Kelley wants to stress that true to his vision, the fit, finish, and design of the Kendall go beyond what one might expect for $1,299 per pair. “The world doesn’t need another vinyl box,” he said. “With vinyl records so hot right now, we wanted to capture a mixture of vintage and modern. We’ve got three-quarter-inch MDF cabinets covered in beautiful wood veneer, vertical brushing on the aluminum trim parts around the drivers, laser etching of the KLH logo on the tweeter fascia, and magnetically attached grilles.”
Many speaker companies have a “signature” design trait, such as Klipsch’s horn tweeters or MartinLogan’s electrostatic panels, but according to Howell, KLH takes the opposite approach. “We’re not married to any one technology,” he said. “Every single part in a product we do is designed for that application. For example, we like Kevlar cones, but in small enclosures, Kevlar cones are too light and you lose control of them. So, while the Kendall has straight Kevlar, the drivers in the Maxwell [the company’s $649-each in-wall model, with an integral back box] use Kevlar laminated with fiberglass to make it stiffer and give it more mass.”
Perhaps the most interesting product in the new KLH line isn’t a speaker. It’s the $199 VX-1, a keypad with Wi-Fi and Bluetooth plus a 25-watt-per-channel Class D amp built in. It’s designed to replace in-wall passive volume controls (of which Kelley says there are at least 8.5 million in the U.S. and Canada), and to draw its power from a supply connected to the existing speaker cables.
“In 15 minutes, an installer or a DIY customer can upgrade to multisource and streaming,” Kelley said. “Any Alexa device can control the VX-1, and the MUZO app we supply also allows your smartphone to do far-field voice command of any Alexa device.”
Next for the company will be a new Model 8, which shares nothing technically with Kloss’s original. Kelley reports that the new all-in-one speaker system, which is likely to launch at CES in January, will have two 1-inch tweeters, a 3-inch full-range driver, and two 3-inch passive radiators for bass reinforcement. Spotify Connect and Alexa compatibility will be included, and the target retail price is $298.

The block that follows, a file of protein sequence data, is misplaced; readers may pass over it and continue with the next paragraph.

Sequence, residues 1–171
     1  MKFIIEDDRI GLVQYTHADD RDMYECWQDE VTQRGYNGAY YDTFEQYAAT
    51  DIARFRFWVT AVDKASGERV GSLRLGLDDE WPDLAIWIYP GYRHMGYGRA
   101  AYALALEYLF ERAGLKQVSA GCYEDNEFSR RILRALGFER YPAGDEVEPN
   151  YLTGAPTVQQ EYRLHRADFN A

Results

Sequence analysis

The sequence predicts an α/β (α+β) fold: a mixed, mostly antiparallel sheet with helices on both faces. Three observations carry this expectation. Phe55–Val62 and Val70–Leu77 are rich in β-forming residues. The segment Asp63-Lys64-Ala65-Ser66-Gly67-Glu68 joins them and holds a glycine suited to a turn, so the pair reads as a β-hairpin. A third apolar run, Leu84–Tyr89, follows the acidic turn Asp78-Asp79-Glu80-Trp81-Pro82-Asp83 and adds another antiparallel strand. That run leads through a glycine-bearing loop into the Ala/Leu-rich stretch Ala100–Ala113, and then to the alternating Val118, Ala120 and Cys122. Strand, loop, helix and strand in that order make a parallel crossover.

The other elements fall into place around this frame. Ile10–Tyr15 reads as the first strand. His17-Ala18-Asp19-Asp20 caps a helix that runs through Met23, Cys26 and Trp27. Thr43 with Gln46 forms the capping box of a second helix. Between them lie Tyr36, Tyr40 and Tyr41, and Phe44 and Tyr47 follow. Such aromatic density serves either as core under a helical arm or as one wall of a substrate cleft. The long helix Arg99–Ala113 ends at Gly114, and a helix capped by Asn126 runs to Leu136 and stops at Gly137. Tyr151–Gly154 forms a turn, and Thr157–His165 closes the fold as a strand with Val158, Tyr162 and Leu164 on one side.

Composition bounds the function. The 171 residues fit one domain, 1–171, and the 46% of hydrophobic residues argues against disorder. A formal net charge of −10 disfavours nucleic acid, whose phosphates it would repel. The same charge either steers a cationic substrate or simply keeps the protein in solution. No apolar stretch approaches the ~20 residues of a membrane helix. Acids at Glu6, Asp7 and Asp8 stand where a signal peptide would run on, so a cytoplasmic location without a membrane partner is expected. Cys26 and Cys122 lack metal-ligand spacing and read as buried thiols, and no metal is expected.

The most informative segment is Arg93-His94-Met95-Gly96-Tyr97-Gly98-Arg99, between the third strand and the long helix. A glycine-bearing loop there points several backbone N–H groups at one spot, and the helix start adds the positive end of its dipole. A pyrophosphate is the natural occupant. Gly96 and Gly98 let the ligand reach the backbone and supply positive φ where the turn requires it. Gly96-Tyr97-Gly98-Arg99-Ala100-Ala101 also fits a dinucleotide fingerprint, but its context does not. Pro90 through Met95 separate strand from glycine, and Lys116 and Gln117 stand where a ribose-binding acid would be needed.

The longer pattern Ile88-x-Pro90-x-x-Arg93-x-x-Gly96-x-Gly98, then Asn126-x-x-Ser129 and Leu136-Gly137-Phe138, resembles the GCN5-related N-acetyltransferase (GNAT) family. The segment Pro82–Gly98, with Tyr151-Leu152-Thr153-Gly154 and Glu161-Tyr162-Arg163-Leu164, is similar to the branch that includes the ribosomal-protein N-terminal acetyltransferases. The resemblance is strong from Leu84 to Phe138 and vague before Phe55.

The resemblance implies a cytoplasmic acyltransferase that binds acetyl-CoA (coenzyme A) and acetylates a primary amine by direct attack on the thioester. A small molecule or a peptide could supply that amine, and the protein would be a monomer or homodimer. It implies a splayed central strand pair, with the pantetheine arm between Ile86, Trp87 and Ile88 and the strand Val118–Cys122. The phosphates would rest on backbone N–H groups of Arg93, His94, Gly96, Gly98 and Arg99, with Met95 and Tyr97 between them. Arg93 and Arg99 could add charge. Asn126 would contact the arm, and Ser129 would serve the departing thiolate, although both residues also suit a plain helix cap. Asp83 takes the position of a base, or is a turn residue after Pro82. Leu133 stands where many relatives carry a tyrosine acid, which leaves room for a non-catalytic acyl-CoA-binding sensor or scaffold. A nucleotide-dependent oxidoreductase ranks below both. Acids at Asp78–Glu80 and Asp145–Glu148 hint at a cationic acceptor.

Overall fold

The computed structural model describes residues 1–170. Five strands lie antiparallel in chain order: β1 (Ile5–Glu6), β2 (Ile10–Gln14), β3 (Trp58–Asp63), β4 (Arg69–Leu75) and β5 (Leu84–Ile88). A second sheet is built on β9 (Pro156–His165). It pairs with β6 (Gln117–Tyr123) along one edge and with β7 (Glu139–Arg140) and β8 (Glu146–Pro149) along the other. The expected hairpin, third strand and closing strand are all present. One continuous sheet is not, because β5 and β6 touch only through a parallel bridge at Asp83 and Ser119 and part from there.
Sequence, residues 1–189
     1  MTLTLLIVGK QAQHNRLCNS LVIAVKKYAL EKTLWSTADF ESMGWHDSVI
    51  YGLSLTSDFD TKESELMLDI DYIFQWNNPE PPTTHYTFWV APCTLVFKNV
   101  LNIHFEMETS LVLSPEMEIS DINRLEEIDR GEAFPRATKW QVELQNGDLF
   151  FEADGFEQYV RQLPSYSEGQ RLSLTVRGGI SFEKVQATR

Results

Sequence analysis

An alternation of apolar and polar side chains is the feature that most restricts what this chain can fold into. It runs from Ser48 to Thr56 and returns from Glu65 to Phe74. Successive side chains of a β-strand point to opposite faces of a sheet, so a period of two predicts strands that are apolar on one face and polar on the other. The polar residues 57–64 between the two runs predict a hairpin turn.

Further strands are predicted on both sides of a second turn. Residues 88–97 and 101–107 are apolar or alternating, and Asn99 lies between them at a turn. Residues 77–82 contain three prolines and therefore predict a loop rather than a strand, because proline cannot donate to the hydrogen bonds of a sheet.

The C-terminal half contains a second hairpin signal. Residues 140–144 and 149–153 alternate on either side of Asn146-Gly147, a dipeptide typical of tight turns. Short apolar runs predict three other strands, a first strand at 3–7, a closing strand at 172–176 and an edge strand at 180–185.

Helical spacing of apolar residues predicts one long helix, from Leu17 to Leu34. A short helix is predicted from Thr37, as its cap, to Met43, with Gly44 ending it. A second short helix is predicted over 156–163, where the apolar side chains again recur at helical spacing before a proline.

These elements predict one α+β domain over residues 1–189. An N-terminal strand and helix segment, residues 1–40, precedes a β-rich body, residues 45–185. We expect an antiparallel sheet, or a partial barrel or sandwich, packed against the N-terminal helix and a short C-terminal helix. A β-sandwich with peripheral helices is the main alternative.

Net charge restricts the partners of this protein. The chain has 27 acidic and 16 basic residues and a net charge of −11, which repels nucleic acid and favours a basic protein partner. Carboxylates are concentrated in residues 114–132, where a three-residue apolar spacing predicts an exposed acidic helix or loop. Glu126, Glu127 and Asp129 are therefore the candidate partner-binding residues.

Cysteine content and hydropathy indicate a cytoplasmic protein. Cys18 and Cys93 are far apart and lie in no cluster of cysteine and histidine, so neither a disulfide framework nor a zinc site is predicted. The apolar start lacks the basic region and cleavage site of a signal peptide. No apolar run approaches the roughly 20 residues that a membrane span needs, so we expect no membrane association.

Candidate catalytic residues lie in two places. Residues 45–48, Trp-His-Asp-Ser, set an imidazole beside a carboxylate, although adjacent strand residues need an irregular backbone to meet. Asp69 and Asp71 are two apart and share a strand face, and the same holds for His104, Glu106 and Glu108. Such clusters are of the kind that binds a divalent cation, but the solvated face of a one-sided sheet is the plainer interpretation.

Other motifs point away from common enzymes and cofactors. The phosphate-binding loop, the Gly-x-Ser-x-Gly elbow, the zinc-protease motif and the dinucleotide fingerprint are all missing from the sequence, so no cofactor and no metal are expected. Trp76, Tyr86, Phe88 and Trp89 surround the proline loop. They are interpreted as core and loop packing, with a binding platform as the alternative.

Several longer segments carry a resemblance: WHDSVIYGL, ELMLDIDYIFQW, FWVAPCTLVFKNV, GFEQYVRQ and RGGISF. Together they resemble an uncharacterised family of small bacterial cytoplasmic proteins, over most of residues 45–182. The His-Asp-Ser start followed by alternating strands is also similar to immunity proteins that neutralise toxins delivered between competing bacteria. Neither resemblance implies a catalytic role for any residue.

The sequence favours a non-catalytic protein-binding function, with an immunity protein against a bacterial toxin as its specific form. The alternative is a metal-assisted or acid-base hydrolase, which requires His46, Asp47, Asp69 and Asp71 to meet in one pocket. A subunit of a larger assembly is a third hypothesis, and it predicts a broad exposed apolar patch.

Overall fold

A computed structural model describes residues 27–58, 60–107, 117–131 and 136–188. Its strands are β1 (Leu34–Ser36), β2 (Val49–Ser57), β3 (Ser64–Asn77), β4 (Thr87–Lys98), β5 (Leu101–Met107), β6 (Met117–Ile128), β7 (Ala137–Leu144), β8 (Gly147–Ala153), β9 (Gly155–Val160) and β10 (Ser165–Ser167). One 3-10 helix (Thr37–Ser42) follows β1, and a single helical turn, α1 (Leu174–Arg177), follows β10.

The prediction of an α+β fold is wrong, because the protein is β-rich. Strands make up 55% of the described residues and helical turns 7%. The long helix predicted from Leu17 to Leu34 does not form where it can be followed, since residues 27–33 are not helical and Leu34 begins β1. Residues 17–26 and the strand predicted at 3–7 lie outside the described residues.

Lots of speakers—almost all of them, really—are designed in North America or Europe and manufactured in China, so what’s special about KLH’s formula? “A lot of those companies do some design in-house but farm out much of the design and engineering of the components,” Kelley said. “We’re more vertically integrated. We don’t use OEM suppliers. We design everything in-house, which allows us to control costs. And we don’t have a large corporate palace, and we don’t sponsor concerts or anything like that. We put all our money into the design and engineering of the products and pass the savings to our customers.”
Some might consider KLH’s distribution strategy downright radical in the era of Amazon, even though it might have been considered humdrum in the era of Microsoft. Kelley has decided to take a traditional approach, focusing on specialty retailers and integrators, with e-commerce limited to Crutchfield, World Wide Stereo, and IQ Entertainment.
Talk with other speaker companies, though, and you’re likely to hear that the specialty retail channel has all but vanished, and that most installers don’t invest in showrooms. Kelley strongly disagrees. “I think that’s a cop-out on the part of the manufacturer,” he said. “You know, ‘There’s nobody left to sell to, so I’m forced to sell mass retail or Amazon.’ We’re opening up at record pace in specialty retail and CEDIA dealers. They still have showrooms, but it has evolved to be more focused on the experience. If you’re selling a Ferrari, the best way is to toss them the keys and let them drive it. We don’t believe you can get that experience in mass retail.”
Will the bold yet, in many ways, conservative approach of Kelley and company be enough to bring KLH back to the prominence it enjoyed almost 60 years ago? Considering the constant technological revolutions that the audio industry has gone through in the last 20 years, it’s anyone’s guess. But based on the enthusiastic response of showgoers at CEDIA to the company’s demo of the Kendall, it seems likely that the reborn KLH will be one of the most talked-about audio companies in 2019.